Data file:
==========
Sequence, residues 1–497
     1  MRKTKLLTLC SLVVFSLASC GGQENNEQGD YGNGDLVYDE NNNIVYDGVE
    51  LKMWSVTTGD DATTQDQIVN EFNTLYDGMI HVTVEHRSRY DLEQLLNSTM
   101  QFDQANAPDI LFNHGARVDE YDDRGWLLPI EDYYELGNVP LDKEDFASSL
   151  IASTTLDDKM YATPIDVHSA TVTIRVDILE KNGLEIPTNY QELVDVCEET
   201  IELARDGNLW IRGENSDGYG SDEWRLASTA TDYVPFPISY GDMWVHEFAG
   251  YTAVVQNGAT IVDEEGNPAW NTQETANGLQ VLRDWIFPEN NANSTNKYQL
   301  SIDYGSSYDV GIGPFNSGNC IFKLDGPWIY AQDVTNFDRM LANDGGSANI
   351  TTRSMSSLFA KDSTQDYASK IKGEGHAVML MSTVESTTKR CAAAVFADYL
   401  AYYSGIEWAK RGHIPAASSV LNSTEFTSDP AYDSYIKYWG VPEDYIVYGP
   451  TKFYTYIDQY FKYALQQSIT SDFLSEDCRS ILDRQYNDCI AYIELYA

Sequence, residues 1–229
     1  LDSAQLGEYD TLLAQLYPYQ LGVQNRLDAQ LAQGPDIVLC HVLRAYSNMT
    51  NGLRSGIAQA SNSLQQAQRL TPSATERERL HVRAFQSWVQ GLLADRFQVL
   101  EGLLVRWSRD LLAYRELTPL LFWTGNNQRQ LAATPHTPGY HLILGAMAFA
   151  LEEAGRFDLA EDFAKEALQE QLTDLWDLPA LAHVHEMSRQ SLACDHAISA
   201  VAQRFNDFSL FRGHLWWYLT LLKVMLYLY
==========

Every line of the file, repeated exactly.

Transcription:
Sequence, residues 1–497
     1  MRKTKLLTLC SLVVFSLASC GGQENNEQGD YGNGDLVYDE NNNIVYDGVE
    51  LKMWSVTTGD DATTQDQIVN EFNTLYDGMI HVTVEHRSRY DLEQLLNSTM
   101  QFDQANAPDI LFNHGARVDE YDDRGWLLPI EDYYELGNVP LDKEDFASSL
   151  IASTTLDDKM YATPIDVHSA TVTIRVDILE KNGLEIPTNY QELVDVCEET
   201  IELARDGNLW IRGENSDGYG SDEWRLASTA TDYVPFPISY GDMWVHEFAG
   251  YTAVVQNGAT IVDEEGNPAW NTQETANGLQ VLRDWIFPEN NANSTNKYQL
   301  SIDYGSSYDV GIGPFNSGNC IFKLDGPWIY AQDVTNFDRM LANDGGSANI
   351  TTRSMSSLFA KDSTQDYASK IKGEGHAVML MSTVESTTKR CAAAVFADYL
   401  AYYSGIEWAK RGHIPAASSV LNSTEFTSDP AYDSYIKYWG VPEDYIVYGP
   451  TKFYTYIDQY FKYALQQSIT SDFLSEDCRS ILDRQYNDCI AYIELYA

Sequence, residues 1–229
     1  LDSAQLGEYD TLLAQLYPYQ LGVQNRLDAQ LAQGPDIVLC HVLRAYSNMT
    51  NGLRSGIAQA SNSLQQAQRL TPSATERERL HVRAFQSWVQ GLLADRFQVL
   101  EGLLVRWSRD LLAYRELTPL LFWTGNNQRQ LAATPHTPGY HLILGAMAFA
   151  LEEAGRFDLA EDFAKEALQE QLTDLWDLPA LAHVHEMSRQ SLACDHAISA
   201  VAQRFNDFSL FRGHLWWYLT LLKVMLYLY